Acknowledging a failure by the White House to articulate a ''coherent policy'' on Cuba, the governor added that the president would announce major changes in policy sometime before the 2004 election.
He declined to offer specifics, offering only that ``there's been work over the last six months to develop a coherent policy.''
Officials at the White House and the State Department did not return calls for comment.
The decision to send back the 12 hijack suspects was particularly stinging to exile leaders in the wake of months of crackdowns by Castro's government against political dissidents.
The U.S. government negotiated with Cuba to return the would-be migrants. The agreement: Their lives would be spared, but the Cubans, suspected of hijacking a boat and three of 15 passengers, could each be sentenced to serve up to 10 years in prison.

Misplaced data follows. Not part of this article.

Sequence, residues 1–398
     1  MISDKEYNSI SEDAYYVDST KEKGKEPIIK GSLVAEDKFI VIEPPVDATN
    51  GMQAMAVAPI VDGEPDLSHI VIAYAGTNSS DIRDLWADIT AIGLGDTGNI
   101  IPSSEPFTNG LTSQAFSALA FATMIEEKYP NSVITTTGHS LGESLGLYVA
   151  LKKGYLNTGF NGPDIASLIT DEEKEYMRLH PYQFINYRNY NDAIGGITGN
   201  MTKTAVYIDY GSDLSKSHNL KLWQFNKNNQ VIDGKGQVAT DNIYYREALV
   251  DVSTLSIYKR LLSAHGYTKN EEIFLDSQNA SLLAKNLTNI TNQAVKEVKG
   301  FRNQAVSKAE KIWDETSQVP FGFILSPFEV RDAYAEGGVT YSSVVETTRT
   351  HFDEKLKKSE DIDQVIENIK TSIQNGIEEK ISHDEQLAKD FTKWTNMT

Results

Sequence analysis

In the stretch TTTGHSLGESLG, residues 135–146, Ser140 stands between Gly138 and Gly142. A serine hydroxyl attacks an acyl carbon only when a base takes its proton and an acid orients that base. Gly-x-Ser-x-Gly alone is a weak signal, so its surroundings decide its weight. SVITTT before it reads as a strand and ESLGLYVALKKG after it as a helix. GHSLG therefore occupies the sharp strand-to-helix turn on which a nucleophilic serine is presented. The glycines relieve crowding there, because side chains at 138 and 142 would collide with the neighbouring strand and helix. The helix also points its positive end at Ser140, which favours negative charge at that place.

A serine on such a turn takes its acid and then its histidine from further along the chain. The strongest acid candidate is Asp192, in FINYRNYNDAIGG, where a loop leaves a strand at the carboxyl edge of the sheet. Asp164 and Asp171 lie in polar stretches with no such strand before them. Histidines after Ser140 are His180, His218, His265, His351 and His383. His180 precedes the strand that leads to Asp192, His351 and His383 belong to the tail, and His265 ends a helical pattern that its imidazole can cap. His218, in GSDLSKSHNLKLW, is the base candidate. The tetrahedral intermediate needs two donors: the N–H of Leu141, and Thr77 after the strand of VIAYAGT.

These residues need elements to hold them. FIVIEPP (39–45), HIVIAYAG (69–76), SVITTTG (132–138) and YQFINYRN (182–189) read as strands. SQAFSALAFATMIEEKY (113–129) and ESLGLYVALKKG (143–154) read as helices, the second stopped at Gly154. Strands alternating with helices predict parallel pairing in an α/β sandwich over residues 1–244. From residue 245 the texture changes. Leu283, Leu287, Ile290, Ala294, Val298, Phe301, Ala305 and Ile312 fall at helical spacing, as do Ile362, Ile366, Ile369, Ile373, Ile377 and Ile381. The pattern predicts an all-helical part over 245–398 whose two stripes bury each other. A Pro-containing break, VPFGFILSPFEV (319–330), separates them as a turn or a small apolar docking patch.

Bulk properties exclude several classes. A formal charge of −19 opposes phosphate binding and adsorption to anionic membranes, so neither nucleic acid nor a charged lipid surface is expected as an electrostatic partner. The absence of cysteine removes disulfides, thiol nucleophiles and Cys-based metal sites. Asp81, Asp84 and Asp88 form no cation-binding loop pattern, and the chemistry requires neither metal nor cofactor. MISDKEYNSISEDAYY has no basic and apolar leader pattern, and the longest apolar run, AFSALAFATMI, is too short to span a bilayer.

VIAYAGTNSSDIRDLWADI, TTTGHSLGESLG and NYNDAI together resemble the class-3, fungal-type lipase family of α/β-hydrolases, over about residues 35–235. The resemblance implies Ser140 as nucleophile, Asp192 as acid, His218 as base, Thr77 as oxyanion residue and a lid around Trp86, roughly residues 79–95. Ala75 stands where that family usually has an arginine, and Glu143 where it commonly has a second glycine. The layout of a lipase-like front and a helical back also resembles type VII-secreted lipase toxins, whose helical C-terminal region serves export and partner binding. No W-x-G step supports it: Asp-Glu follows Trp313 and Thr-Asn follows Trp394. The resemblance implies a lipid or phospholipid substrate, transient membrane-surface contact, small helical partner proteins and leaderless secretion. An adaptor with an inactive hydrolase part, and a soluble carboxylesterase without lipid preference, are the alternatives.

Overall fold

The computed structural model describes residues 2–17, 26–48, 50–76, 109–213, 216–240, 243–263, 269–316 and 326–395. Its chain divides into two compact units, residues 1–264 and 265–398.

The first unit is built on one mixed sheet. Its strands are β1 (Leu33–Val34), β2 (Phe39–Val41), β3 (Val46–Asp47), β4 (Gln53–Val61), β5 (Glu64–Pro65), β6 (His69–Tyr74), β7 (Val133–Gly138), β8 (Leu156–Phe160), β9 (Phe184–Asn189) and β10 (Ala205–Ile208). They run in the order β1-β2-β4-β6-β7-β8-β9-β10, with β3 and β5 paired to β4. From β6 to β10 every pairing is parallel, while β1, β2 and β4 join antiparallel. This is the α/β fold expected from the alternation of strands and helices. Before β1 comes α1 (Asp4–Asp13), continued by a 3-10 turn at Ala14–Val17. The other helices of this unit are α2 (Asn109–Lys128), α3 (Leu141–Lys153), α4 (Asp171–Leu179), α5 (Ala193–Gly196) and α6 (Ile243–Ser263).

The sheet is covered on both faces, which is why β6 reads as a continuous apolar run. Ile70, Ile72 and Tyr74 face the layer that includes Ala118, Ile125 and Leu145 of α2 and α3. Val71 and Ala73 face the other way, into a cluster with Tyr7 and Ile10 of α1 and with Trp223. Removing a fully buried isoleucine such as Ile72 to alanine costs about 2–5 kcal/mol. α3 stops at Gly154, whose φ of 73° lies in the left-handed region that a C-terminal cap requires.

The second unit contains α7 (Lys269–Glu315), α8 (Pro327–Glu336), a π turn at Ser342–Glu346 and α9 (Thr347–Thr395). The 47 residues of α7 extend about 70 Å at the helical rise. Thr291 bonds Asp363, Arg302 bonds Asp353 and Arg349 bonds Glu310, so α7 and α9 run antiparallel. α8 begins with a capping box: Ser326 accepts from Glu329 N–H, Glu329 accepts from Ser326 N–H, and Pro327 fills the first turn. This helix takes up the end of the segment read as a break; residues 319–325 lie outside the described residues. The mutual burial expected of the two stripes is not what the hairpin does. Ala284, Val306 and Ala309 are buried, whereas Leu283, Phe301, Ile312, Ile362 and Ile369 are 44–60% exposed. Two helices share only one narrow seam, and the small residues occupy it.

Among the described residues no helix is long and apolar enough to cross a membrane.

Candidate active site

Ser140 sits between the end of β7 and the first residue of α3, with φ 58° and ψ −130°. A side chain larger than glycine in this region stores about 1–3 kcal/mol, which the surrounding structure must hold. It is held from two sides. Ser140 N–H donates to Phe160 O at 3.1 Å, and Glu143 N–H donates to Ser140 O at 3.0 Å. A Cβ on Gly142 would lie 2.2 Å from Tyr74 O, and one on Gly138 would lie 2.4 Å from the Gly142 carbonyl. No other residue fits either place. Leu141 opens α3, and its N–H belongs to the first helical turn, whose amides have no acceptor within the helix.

The deal unleashed a storm of discontent from foundation leaders, who bashed President Bush along with the three Republican Cuban Americans who represent Miami in Congress.
Exile leaders are upset that, despite Bush's assurances, financial aid to dissidents in Cuba has not been increased and turmoil remains at Radio and TV Martí.
Critics also complain that Bush has maintained the Clinton administration policy of preventing lawsuits by U.S. citizens over land seized by the Cuban government after the 1959 revolution.
At the same time, Democrats are trying to make a case that Cuban-American voters should not remain singularly loyal to the GOP. Many leading Republicans in Congress and the business groups that fund their campaigns are pushing to end the trade embargo with Cuba -- a reality that Democrats hope gives them a chance to woo Cuban Americans on other issues such as education and healthcare.
Besides Lieberman, Florida Sen. Bob Graham, another Democratic contender for president, is a popular figure among exile leaders for his support of the embargo.
Two other candidates, Sens. John Kerry of Massachusetts and John Edwards of North Carolina, have met with exile leaders in recent months as well.